# B. Powers of Roots - PowerPoint PPT Presentation

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B. Powers of Roots. Math 10: Foundations and Pre-Calculus. Key Terms:. Find the definition of each of the following terms : Irrational Number Real Number Entire Radical Mixed radical. 1. Remembering how to Estimate Roots. Index tells you what root to take

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B. Powers of Roots

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## B. Powers of Roots

Math 10: Foundations and Pre-Calculus

### Key Terms:

• Find the definition of each of the following terms:

• Irrational Number

• Real Number

### 1. Remembering how to Estimate Roots

• Index tells you what root to take

• Radicand is what you are taking the root of

• Construct Understanding p. 205

### Practice

• Ex. 4.1 (p. 206) #1-6

### 2. What are Irrational Numbers?

• The formulas for the are of a circle and circumference of a circle involve π, which is not a rational number

• It is not rational because it cannot be expressed as a quotient of integers

• π=3.14…..do you know what comes next?

• π=3.14159265358979323846264383279….

• What are other non-rational numbers?

• Construct Understanding p. 207

• Radicals that are square roots of perfect squares, cube roots of perfect squares, and so on are rational numbers

• Rational numbers have decimal representations that either terminate or repeat

• Irrational Numbers, cannot be written in the form m/n, where m and n are integers and n≠0

• The decimal representation of an irrational numbers neither terminates nor repeats

• When an irrational number is written as a radical, the radical is the exact value of the irrational number

• Examples

• We can use the square root and cube root buttons on our calculator to determine the approximate values of these irrational numbers

• Examples

• We can approximate the location of an irrational number on a number line

• If we don’t have a calculator, we use perfect powers to estimate the value

### Example

• Together, the rational numbers and irrational numbers form a set of real numbers

### Practice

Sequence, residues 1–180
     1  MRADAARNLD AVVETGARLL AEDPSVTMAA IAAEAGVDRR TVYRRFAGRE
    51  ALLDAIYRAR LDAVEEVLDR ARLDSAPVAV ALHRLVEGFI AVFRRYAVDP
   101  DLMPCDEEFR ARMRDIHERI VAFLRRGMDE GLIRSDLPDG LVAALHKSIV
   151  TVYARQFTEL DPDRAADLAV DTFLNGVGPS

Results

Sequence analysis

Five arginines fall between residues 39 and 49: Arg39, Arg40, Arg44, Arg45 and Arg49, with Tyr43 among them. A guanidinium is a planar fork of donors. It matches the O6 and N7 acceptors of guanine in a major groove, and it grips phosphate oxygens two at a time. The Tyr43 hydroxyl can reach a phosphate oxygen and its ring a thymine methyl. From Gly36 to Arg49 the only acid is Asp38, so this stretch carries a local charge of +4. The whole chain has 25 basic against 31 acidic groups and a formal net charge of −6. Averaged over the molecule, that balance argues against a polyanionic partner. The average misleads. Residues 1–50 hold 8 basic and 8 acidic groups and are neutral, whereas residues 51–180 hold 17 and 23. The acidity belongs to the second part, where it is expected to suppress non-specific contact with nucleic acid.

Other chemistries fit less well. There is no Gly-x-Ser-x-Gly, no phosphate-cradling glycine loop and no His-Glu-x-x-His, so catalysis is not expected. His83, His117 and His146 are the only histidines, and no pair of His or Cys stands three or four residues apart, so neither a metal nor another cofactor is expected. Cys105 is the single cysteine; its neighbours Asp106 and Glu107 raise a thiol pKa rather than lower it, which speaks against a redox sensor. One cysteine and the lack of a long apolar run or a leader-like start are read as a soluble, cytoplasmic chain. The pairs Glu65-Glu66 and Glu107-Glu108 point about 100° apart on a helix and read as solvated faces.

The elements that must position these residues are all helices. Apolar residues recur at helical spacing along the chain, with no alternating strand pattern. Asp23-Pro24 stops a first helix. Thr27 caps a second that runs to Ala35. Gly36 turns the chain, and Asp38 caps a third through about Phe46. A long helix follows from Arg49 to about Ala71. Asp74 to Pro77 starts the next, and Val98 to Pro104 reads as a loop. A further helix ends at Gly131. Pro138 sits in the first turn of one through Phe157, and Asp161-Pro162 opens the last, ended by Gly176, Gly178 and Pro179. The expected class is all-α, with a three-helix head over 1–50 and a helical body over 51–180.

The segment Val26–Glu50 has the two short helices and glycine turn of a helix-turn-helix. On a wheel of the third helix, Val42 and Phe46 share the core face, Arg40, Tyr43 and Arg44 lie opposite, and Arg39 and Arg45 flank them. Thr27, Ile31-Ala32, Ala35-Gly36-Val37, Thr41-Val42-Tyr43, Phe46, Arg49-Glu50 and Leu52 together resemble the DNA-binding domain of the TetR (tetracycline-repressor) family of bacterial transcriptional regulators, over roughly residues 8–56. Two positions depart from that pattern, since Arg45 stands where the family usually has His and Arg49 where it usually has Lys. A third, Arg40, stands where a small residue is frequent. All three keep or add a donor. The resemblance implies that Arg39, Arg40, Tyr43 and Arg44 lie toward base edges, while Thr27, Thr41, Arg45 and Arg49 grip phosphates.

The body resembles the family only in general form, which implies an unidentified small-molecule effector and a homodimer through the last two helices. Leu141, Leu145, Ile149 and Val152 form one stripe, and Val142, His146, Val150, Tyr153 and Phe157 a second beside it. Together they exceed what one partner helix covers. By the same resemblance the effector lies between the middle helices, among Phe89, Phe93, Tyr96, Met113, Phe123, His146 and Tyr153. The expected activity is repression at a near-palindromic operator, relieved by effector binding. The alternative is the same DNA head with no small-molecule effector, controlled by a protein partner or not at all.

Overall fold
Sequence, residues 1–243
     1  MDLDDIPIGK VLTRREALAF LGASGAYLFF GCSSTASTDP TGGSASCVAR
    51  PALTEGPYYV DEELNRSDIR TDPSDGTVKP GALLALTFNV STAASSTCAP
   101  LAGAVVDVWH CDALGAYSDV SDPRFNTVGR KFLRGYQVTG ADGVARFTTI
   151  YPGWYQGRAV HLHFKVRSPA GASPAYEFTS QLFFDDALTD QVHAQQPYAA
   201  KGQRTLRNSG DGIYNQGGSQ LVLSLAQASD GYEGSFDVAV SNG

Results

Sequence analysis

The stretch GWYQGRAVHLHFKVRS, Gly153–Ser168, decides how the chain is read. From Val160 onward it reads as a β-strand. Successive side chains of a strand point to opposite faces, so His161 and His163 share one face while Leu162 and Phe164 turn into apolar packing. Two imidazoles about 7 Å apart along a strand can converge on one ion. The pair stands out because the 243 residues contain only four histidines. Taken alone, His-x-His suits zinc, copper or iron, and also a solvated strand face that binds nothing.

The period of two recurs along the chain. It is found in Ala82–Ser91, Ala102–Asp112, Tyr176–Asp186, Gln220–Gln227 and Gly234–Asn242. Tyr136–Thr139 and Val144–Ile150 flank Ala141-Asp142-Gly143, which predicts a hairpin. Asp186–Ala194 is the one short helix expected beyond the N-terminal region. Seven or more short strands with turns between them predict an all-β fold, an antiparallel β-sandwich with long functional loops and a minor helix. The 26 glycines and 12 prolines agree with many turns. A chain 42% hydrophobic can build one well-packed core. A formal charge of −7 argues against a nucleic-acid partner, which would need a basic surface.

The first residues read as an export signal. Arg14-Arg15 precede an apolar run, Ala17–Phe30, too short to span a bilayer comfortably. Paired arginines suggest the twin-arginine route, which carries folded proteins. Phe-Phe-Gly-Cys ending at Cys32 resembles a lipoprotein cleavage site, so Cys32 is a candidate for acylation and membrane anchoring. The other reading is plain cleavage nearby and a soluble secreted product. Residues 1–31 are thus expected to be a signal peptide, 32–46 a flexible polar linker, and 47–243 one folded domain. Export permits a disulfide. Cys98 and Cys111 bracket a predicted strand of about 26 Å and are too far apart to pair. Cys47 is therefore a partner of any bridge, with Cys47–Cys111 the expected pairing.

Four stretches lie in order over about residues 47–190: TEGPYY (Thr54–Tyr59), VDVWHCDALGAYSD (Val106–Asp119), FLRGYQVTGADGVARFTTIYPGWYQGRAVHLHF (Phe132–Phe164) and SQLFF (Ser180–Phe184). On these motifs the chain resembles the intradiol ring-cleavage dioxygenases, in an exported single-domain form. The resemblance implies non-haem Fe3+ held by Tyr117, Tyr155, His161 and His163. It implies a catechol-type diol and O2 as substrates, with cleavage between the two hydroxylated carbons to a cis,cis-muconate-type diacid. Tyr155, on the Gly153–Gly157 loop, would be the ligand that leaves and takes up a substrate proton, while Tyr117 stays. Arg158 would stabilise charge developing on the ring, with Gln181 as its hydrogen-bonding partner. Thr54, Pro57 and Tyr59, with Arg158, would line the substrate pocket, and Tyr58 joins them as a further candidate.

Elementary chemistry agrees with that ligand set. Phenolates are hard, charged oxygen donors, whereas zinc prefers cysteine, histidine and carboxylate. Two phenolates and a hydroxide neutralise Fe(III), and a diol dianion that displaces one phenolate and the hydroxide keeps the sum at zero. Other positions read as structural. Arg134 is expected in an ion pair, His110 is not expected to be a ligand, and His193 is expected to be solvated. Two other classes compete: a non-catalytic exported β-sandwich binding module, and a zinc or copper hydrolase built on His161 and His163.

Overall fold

• Ex. 3.2 (p. 211) #1-20

#1-2, 5-24

### 3. What is the Difference between Mixed and Entire Radicals

• We can use this property to simplify roots that are not perfect squares, cubes, etc, but have factors that are perfect squares, cubes, etc.

### Example

• Some numbers, such as 200, have more than one perfect square factor

• The factors of 200 are:

• 1,2,3,4,5,8,19,20,25,40,50,100,200

• To write a radical of index n in simplest form, we write the radicand as a product of 2 factors, one of which is the greatest perfect nth power.

### Practice

• Ex. 4.3 (p. 217) #1-22

### 4. Fractional Exponents and Radical Relationships

• Construct Understanding p. 222

• In grade 9, you learned that for powers with variable bases and whole number exponents

• We can extend this law to powers with fractional exponents

• Example

• So

• Raising a number to the exponent ½ is equivalent to taking the square root of the number

• Raising to the exponent 1/3 is equivalent to taking the cube root

### Example

• A fraction can be written as a terminating or repeating decimal, so we can interpret powers with decimal exponents.

• For example, 0.2=1/5

• So 320.2 = 321/5

• Prove it on you calculator .

• To give meaning to a power such as 82/3, we extend the exponent law.

• m and n are rational numbers

• example

• These examples illustrate that numerator of a fractional exponent represents a power and the denominator represents a root.

• The root and power can be evaluated in any order.

• Quick Tricks

### Practice

• Ex. 4.4 (p. 227) #1-20

#1-2, 4-22

### 5. Negative Exponents

• Reciprocals are simply fractions that are the flip of each other

### Example

• The same rules apply for negative rational exponents.

### Practice

• Ex. 4.5 (p. 233) #1-18

#3-21

### Laws of Exponents:

• Construct Understanding p. 237

• We can use the exponent laws to simplify expressions that contain rational bases

• It is conventional to write a simplified power with a positive exponent

### Practice

• Ex. 4.6 (p. 241) #1-19, 21

#1-2, 9-24